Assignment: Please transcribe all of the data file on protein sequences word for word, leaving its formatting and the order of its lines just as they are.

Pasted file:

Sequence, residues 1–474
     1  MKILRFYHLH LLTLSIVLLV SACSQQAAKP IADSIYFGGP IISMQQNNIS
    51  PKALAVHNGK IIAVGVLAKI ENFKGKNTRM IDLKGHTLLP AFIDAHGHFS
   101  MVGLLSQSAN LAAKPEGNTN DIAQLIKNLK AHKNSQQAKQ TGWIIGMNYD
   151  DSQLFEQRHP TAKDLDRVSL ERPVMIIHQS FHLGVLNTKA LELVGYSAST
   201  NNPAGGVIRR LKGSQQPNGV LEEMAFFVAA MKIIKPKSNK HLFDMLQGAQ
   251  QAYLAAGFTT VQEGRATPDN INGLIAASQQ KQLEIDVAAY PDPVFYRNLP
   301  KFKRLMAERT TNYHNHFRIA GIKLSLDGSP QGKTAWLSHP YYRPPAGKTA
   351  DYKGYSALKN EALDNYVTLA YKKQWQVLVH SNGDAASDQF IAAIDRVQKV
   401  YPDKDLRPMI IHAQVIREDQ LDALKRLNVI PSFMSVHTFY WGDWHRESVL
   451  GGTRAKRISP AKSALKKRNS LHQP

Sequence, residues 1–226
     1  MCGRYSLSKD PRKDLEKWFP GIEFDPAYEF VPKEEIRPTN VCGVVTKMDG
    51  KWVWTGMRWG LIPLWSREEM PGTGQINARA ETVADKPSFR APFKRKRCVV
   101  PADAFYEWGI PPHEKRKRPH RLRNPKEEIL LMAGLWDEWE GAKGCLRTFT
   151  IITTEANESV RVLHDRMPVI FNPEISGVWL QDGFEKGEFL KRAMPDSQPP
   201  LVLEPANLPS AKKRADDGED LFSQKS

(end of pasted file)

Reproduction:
Sequence, residues 1–474
     1  MKILRFYHLH LLTLSIVLLV SACSQQAAKP IADSIYFGGP IISMQQNNIS
    51  PKALAVHNGK IIAVGVLAKI ENFKGKNTRM IDLKGHTLLP AFIDAHGHFS
   101  MVGLLSQSAN LAAKPEGNTN DIAQLIKNLK AHKNSQQAKQ TGWIIGMNYD
   151  DSQLFEQRHP TAKDLDRVSL ERPVMIIHQS FHLGVLNTKA LELVGYSAST
   201  NNPAGGVIRR LKGSQQPNGV LEEMAFFVAA MKIIKPKSNK HLFDMLQGAQ
   251  QAYLAAGFTT VQEGRATPDN INGLIAASQQ KQLEIDVAAY PDPVFYRNLP
   301  KFKRLMAERT TNYHNHFRIA GIKLSLDGSP QGKTAWLSHP YYRPPAGKTA
   351  DYKGYSALKN EALDNYVTLA YKKQWQVLVH SNGDAASDQF IAAIDRVQKV
   401  YPDKDLRPMI IHAQVIREDQ LDALKRLNVI PSFMSVHTFY WGDWHRESVL
   451  GGTRAKRISP AKSALKKRNS LHQP

Sequence, residues 1–226
     1  MCGRYSLSKD PRKDLEKWFP GIEFDPAYEF VPKEEIRPTN VCGVVTKMDG
    51  KWVWTGMRWG LIPLWSREEM PGTGQINARA ETVADKPSFR APFKRKRCVV
   101  PADAFYEWGI PPHEKRKRPH RLRNPKEEIL LMAGLWDEWE GAKGCLRTFT
   151  IITTEANESV RVLHDRMPVI FNPEISGVWL QDGFEKGEFL KRAMPDSQPP
   201  LVLEPANLPS AKKRADDGED LFSQKS